Recap: Extreme Midget Wrestling Brought Scripted Violence and Grinding Women to Turner Hall

Jan. 19, 2014
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extreme midget wrestling
Photo credit: Benjamin Wick
"I can't believe how extreme this is!"

Be it ironic or an outburst of genuine enthusiasm over the choreographed faux brutality on display Friday as the Extreme Midget Wrestling Federation took over the Turner Hall Ballroom for a few bouts of faux brutality, the above sentence was actually uttered loudly. Specifically, the exclamation was made during an extremely curious instance of a trashcan and other aluminum implements of quasi-pummeling appearing on the mat and being used with relish.

Though the diminutive grapplers may find themselves making their living in a forum existing somewhere between exploitation and empowerment, they're doing nothing new. Battlers of their physical stature have been an intermittent fixture on their (staged?) sport's circuit since at least the 1960s. What then, makes what they're doing so extreme?

The trash talking of what looked to be the federation's tallest-looking participant and only one given any real time on the mic, Skinny Timmy, would not have gone over on weekend syndicated TV's “All Star Wrestling” back when. Not only did he launch gratuitous F-bombs to describe the unworthiness of the opponent he attacked with the aforementioned refuse receptacle, he went so far as to deem the city hosting him as “a piece of shit hole” (sic), obviously setting up Skinny Timmy as the heavy—and loser—in that bout. That the winner of the match determining the league's champion would be named Baby Jesus ("From the heavens above!," beamed the announcer in back of the venue) could also be seen as an example of extremity on par with the assortment of hip-hop, post-grunge and nu-metal used for background music. The occasional blast from Kenosha's industrial-lite Christian rockers, Skillet, provided an object lesson in incongruity for those with ears to hear as well.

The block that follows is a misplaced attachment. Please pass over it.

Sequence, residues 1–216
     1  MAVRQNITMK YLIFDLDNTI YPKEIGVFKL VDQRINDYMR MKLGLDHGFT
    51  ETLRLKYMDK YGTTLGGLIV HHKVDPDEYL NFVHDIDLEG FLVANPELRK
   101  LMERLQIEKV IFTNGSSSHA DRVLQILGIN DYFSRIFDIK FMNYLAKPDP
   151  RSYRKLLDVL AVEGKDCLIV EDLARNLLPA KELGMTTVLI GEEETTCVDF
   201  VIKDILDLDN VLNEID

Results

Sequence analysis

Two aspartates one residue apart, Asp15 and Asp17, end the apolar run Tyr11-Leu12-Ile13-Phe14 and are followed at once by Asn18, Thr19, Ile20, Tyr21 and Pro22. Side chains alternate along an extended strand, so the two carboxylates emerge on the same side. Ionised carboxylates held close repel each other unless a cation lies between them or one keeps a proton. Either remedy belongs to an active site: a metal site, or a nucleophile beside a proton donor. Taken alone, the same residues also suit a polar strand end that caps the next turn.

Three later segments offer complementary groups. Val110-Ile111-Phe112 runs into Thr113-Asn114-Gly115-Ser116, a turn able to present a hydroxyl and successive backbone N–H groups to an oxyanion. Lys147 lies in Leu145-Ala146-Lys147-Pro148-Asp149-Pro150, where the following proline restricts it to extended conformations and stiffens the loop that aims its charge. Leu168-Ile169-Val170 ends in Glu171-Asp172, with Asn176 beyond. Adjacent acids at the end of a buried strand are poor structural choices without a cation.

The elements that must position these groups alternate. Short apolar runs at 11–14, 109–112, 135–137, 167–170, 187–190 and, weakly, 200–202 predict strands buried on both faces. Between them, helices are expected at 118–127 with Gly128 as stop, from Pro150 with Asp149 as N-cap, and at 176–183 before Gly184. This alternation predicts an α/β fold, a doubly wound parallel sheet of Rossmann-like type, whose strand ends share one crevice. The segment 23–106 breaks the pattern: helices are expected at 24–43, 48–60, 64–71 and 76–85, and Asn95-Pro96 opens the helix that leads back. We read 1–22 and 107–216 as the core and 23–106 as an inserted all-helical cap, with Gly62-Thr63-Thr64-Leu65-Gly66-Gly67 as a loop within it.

Then there's Grind On The Midget. It's the game where several female fans were invited into the ring to impress fellow ticket buyers and get a, erm, rise out of fighter Lil Rampage with moves at least as appropriate for amateur night at Silk Exotic or The Airport Lounge. The winner made spirited, inventive use of turnbuckles and ropes, perhaps fortified by the Miller beer whose logo highlighted her T-shirt. Whatever prize she may have received for her moves beyond the clamorous appreciation of the crowd and whatever may have been going on in parts of Rampage's anatomy clothed for the occasion wasn't made apparent before she returned to her seat with her doubtlessly proud companion. Less salaciously, Houston native Rampage bested Winnipeg's Mike Hawk in a billing positioned as a U.S.-versus-Canada battle.

A battle royale with all six of of the night's stars, with likewise height-challenged referee Steve'O caught up in the fray, ended the show in a manner gladly not so extreme: no blood, nor any injuries, feigned or otherwise. The entire event, absent much in the way of lag time, lasted under two hours, giving attendees time to take $5 photos with their favorite Extreme Midget and go on to further night life happenings during which they could recall the silliness of the athletic guerilla theater they just witnessed.

 Photo credits: Benjamin Wick


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